Article 15 of the CBD recognizes that nations have sovereignty over their genetic resources, and provides that access to them is subject to prior informed consent from the national government and mutually agreed terms on the sharing of benefits derived from their use or commercialization. The implementation of the CBD presents challenges for germplasm source countries, as well as for those desiring access to foreign genetic resources. Countries who are party to the CBD were directed to enact national legislation regulating access to genetic resources, yet procedures for implementing these laws remain to be completed in many countries. Notably, the CBD specifies that countries should create conditions to facilitate access to genetic resources, and not impose restrictions that impede use of those resources.
The nursery and landscape industry includes thousands of small family businesses that grow, retail, install, and care for plants and landscapes. The industry employs approximately 500,000 workers during peak seasons. According to the USDA's Economic Research Service, the nursery and greenhouse industry comprises the fastest growing segment of U.S. agriculture. For example, while the number of U.S. farms of all types has declined over the last two decades, the number of nursery and greenhouse farms has increased. Grower cash receipts from nursery and greenhouse sales have grown steadily over the last two decades and are increasing at approximately $500 million per year. In 1997, nursery and greenhouse operations had sales of $10.9 billion, up 43 percent from 1992. Of 18,860 nursery-crop farms, 650 (3.5 percent) had sales over $1 million. Woody landscape plant products account for 57.5% of all nursery and greenhouse crop value.
The U.S. is the world's largest producer of and market for woody landscape crops. These crops represent an important and unique segment of agriculture whose impact is felt on the national, state, and community level. Nursery and greenhouse crops represent the third most important crop sector in U.S. agriculture. Nursery and greenhouse crops are among the top five commodities in 27 states and the top 10 commodities in 42 states. Sixty-nine million U.S. households spent $30.1 billion at retail lawn and garden outlets in 1998, according to The National Gardening Association and The Gallup Organization, while over 21 million households spent $16.8 billion on professional landscape, lawn, and tree care services.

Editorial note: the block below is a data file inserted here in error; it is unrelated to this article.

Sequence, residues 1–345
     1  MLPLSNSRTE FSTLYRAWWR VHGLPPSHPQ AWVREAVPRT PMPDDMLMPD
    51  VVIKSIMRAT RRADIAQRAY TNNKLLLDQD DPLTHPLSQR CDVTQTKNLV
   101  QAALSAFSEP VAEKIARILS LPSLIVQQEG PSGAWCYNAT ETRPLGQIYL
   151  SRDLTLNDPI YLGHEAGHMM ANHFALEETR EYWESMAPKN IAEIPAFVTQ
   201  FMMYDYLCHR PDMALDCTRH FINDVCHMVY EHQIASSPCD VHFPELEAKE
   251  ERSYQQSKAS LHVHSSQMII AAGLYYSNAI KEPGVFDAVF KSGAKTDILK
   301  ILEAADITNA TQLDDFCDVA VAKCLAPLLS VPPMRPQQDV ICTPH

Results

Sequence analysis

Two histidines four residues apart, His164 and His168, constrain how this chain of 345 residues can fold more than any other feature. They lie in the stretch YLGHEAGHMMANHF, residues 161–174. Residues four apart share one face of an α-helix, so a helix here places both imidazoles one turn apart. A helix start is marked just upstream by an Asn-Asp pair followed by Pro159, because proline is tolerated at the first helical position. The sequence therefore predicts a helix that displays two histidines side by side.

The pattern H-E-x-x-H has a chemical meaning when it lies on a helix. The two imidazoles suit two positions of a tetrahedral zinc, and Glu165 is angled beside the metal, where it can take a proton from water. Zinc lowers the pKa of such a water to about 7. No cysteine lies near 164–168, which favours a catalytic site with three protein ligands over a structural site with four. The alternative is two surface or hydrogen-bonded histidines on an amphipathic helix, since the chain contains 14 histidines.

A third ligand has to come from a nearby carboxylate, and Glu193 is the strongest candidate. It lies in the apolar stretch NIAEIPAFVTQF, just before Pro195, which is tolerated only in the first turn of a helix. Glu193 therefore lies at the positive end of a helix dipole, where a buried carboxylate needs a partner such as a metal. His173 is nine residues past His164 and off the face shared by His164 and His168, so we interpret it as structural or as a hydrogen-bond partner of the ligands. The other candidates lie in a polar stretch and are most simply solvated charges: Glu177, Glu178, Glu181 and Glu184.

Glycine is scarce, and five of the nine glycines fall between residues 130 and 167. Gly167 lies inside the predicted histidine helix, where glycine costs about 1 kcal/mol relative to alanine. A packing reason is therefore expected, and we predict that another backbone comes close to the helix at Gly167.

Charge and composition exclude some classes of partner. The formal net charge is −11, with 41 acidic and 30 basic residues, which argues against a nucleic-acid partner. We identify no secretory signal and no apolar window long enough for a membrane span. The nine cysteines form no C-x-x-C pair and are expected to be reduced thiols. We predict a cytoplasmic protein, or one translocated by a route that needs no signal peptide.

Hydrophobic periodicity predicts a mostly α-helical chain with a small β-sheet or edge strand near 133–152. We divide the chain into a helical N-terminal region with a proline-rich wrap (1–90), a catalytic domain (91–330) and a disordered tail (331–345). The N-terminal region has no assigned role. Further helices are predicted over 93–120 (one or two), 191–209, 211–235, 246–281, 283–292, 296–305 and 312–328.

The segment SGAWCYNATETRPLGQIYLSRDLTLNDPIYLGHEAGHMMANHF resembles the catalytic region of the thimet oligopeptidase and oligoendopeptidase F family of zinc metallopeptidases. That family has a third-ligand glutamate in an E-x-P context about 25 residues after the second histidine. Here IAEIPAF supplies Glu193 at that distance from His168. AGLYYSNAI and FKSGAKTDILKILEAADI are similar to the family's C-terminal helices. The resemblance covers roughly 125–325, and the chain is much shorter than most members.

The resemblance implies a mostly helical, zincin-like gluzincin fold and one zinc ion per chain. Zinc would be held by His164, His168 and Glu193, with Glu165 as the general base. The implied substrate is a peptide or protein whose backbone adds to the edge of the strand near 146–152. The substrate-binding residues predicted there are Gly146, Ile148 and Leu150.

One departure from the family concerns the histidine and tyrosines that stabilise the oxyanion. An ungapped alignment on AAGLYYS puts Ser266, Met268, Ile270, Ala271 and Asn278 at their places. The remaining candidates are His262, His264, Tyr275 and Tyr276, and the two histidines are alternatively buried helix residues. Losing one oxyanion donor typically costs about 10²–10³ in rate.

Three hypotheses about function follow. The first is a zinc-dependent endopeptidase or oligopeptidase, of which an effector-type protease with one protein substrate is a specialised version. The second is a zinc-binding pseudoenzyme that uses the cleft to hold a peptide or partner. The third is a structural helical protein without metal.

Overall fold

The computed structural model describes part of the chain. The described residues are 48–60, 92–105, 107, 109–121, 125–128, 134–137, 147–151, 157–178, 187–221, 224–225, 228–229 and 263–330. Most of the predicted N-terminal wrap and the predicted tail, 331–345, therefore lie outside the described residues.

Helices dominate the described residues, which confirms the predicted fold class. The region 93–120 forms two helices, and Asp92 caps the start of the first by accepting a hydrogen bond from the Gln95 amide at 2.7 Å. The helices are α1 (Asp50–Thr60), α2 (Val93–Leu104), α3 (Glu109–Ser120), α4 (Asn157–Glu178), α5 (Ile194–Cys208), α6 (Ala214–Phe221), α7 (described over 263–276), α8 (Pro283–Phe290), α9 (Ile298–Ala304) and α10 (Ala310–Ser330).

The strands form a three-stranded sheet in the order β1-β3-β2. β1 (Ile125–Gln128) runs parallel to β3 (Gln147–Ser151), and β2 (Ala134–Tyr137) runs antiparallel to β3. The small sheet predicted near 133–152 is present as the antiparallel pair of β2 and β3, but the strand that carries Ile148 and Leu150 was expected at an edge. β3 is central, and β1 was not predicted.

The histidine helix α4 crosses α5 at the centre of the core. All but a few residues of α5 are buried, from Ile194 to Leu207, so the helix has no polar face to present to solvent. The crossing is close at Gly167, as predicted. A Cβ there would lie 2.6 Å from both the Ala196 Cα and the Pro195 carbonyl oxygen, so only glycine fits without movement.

There are many institutions, both public and private, engaged in projects involving woody landscape plant germplasm. However, in most cases, there is limited financial support for and little coordination of these efforts. Often these activities are left to the discretion of current staff with no established institutional policies to ensure continuity. Thus, there are many areas of overlap in activities and also many major voids.
In order to determine the potential value, impact, and importance of the nation's woody ornamental germplasm, the WLPCGC conducted several informal surveys to identify stakeholders, determine their missions, and assess the relative importance of woody ornamental activities relative to other crops.
The American Society for Horticultural Science (ASHS) is the largest, most visible organization in the U.S. dedicated to advancing all facets of horticultural research, education, and application, with almost 4000 members from research, universities, government, and industry. To get an estimate of the how many of these members focus on ornamentals, a quick survey of the listings of working groups in its 2000 Membership Directory was undertaken. It revealed that, of those U.S. members who listed a working group, approximately 20% associated themselves with the Nursery, Ornamental/Landscape/Turf, Propagation, and/or Ornamental Plant Breeding working groups.
In addition, an email survey was sent specifically to nursery and ornamental working groups and colleagues in October 2001. Responses from 16 university scientists and 6 ARS scientists, who conduct breeding or selection of woody ornamental landscape plants, revealed that over 62 genera are represented by the activities of these 22 scientists alone.
Woody landscape plant germplasm is conserved by numerous institutions both within and beyond the National Plant Germplasm System (NPGS). The following sections describe institutions with significant conservation efforts and the roles they play.
The NPGS is one of the components of the U.S. National Genetic Resources Program which also conserves genetic resources of animals, microbes and invertebrates. The mission of the NPGS is to collect, document, maintain, evaluate, enhance, distribute and preserve the plant genetic resources necessary for improving the quality and production of economic crops important to U.S. and global agriculture.